Petition of Margaret Peters and Other Chappaquiddick Indians to the Massachusetts Senate and House of Representatives
The Chappaquiddick women are petitioning the State because their guardian is not listening to their complaints. They are experiencing difficulties and embarrassment and are lone women with no one in authority to assist them. The General Court appropriated $2000 to build a fence among them the previous winter, but those who received most of the fencing to make subdivisions of the land were not the native people who are the “genuine descendants of the Aborigines”, but were full-blooded Africans. Some of the Chappaquiddick were cut out of their share of the land because they weren’t able hire a surveyor $3 a day to determine the boundaries. New roads were built illegally across the little land they have, leaving it exposed to cattle and sheep and impossible for them to till and make a living. Some have not been able to plant for two to three years.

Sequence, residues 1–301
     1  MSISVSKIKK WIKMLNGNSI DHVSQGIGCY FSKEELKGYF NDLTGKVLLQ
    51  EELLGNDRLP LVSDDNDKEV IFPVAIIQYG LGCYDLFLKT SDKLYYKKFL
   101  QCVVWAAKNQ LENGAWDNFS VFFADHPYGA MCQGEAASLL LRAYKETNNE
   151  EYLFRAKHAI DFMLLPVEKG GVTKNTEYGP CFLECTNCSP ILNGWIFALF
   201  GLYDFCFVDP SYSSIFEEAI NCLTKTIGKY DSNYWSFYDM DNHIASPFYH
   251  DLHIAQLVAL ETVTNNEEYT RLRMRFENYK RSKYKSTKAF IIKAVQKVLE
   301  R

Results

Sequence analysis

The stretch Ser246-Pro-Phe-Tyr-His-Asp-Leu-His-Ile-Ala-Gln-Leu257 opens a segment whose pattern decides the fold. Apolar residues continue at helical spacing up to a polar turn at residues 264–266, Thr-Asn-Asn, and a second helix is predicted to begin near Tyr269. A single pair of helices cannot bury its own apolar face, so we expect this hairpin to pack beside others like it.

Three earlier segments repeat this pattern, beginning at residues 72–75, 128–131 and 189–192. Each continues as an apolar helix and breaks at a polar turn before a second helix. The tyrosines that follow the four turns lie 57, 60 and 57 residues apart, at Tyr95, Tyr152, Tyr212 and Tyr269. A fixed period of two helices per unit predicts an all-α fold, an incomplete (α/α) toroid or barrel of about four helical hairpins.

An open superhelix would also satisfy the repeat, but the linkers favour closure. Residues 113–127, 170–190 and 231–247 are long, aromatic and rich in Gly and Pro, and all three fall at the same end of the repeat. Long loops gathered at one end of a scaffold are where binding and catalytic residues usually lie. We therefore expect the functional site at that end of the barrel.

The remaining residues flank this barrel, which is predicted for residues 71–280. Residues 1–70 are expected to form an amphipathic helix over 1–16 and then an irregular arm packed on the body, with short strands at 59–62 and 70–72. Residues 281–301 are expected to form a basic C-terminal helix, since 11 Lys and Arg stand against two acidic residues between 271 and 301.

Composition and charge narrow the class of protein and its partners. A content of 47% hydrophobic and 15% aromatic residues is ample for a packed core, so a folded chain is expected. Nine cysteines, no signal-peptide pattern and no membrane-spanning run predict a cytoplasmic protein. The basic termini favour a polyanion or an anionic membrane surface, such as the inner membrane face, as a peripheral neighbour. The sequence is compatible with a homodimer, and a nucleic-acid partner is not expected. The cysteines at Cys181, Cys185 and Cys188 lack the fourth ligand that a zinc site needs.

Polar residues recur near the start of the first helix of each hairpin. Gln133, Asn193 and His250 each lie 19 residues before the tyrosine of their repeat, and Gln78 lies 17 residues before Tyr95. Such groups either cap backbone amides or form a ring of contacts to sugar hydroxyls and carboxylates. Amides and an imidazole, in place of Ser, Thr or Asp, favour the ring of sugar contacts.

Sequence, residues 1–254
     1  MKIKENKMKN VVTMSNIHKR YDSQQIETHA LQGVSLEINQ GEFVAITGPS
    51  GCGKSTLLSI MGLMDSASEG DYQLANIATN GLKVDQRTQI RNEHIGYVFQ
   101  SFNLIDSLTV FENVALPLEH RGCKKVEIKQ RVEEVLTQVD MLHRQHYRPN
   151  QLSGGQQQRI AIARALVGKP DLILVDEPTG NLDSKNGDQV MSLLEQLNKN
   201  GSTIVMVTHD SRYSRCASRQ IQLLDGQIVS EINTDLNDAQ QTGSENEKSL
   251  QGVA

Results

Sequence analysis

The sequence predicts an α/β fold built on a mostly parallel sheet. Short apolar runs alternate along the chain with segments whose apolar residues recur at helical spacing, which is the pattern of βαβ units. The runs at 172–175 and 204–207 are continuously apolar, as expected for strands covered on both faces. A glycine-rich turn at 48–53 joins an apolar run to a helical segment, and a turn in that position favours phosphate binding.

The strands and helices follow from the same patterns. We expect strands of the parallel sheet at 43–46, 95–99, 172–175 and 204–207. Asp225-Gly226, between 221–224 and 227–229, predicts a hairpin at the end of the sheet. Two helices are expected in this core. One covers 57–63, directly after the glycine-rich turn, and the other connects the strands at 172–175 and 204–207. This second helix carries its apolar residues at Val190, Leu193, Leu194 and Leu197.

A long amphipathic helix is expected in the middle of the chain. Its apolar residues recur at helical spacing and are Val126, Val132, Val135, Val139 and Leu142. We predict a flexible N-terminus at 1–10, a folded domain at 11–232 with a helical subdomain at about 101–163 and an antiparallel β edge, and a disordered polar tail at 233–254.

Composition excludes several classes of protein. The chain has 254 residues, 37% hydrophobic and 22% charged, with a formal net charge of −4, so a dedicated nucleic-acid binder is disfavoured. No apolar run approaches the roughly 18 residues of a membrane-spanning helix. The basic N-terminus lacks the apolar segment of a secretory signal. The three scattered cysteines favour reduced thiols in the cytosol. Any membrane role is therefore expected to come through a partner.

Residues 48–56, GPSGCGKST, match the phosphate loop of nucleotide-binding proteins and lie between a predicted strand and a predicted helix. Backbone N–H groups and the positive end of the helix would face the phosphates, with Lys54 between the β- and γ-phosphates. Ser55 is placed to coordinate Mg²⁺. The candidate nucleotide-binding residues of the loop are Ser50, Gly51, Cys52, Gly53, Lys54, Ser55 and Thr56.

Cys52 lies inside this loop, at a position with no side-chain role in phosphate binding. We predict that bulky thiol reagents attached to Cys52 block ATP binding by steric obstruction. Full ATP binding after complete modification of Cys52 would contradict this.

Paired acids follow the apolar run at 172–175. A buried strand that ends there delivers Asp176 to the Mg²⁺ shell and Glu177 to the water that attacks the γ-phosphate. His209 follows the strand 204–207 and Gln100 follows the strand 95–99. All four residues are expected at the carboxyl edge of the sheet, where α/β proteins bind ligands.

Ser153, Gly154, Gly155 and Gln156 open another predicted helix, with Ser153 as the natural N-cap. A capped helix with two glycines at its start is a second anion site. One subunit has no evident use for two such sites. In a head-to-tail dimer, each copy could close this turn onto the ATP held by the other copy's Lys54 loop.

The division fence between the colored and whites was built 24 years ago and is dilapidated because it hasn’t been maintained. This has caused an inconvenience and expense, making it necessary for some of them to rent a pasture for their sheep while their lands remain unoccupied. The law requiring the guardian to erect the fence hasn’t been repealed, but the women don’t have the power to do anything but complain to the Legislature. Their white neighbors have cut off the water supply to a once profitable cranberry swamp owned by one of the women petitioners, and she has lost income and is no longer able to sustain. Because of the lack of water, another woman who owns a swamp is prevented from digging peat. They are requesting that their former guardian be appointed and believe that if he had remained guardian, they would not have reason to file a complaint.